This week’s Public Art Commission hearing, specifically the portion devoted to a proposed 9/11 memorial, was a lesson in civic and aesthetic discourse.
Jeffrey Little, a contractor with no art background but with political connections, sketched the design on a napkin and gained the approval of Mayor Nutter and Democratic party boss Bob Brady, plus a plum site in Franklin Square.
As The Inquirer’s Inga Saffron reported, “But the Philadelphia Art Commission hated its design — a cartoonish, half-scale Liberty Bell strung between nine-foot replicas of the Twin Towers.”
“Mending Liberty" was fast-tracked by the Nutter administration and, if built, would become the second 9/11 memorial in two years. Why the hurry? In a June column, I noted "this is not a mayor, or an administration, known for fast-tracking much of anything. While Nutter constantly promotes his commitment to transparency, this process was far from open."
Earlier this summer, the commission gave a list of suggestions and offered to work with Little and his partner, Stephen Saymon, a first responder who collected artifacts from the three 9/11 sites that would be incorporated into the memorial.
The partners followed the committee’s lesser recommendations but not the the major ones — doing away with the replicas of the towers and Liberty Bell. “Everybody likes it as it is right now. That was my rationale for not changing it,” a visibly agitated Little told the commission at the Wednesday meeting in the Municipal Services Building. “You have six people who don’t like the towers and a whole community that does.”
Probably more than six.
But the meeting launched an interesting discussion by commission members as to what is art and what is popular.
It isn’t as if Philadelphia doesn’t have a lot of bad art and buildings. There are some really wretched murals within blocks of the Municipal Services Building, itself a brutal design with few admirers.
Plenty of tourists are photographed in front of the Rocky statue without ever enjoying the masterworks inside the Philadelphia Museum of Art.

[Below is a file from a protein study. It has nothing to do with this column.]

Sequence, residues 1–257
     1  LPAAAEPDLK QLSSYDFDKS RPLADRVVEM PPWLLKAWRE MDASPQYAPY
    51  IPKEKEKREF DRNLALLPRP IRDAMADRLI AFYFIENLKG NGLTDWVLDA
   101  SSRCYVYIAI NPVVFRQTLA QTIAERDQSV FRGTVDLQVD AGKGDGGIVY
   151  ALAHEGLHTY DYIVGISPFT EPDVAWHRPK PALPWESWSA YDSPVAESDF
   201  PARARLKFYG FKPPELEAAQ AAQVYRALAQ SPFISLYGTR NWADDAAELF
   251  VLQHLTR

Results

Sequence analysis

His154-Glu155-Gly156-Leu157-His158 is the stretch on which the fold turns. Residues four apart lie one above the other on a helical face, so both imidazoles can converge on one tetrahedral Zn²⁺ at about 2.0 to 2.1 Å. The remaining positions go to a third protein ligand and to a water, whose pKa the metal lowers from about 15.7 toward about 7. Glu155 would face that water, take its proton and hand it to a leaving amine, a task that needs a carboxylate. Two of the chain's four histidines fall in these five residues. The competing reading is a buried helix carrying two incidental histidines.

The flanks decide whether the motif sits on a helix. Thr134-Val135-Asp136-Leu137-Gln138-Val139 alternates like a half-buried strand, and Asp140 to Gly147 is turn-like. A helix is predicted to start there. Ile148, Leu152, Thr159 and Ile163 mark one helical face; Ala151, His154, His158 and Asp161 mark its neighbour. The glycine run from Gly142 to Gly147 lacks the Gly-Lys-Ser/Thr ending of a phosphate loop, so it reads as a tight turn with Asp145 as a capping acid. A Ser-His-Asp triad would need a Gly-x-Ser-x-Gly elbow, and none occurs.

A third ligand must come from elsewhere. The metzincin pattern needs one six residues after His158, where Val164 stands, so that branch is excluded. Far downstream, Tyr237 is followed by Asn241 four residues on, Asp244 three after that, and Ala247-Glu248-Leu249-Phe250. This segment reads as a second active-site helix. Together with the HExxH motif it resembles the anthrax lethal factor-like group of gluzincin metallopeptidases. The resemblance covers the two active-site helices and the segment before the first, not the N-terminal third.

As for the literal nature of “Mending Liberty,” which commission members took exception, Claes Oldenburg has two major works nearby, “Clothespin” and “Paint Torch,” which are oversized renditions of their subject matter, to say nothing of the large, charmless playing pieces plopped around the Municipal Services Building plaza.
A reader observed that that memorial's imagery is flawed. Little's design has commerce, in the form of the towers, supporting liberty, when it should be the other way around.
And then there's the location. Franklin Square already has a memorial to fallen police officers and firefighters. Another memorial might risk the crowded square being turned into a graveyard of sorts. Does it make sense to incongruously place memorials, a place of somber reflection, this close to a playground, carousel, miniature golf and a burger shack?
The meeting was also a clash of old Philadelphia and new, the way business has long been done, knowing the right people, and how the city is trying to be more deliberate and transparent in approving lasting works that matter.
Little stood and excoriated the commission. "You didn't want this from the beginning. Let's vote," he said, as if he was running the hearing.
And then board did, 6-0, to reject the design.
Little and Saymon can appeal the commission's unanimous decision to the Licenses and Inspections Review Board. Which means the debate over “Mending Liberty” may not be over yet.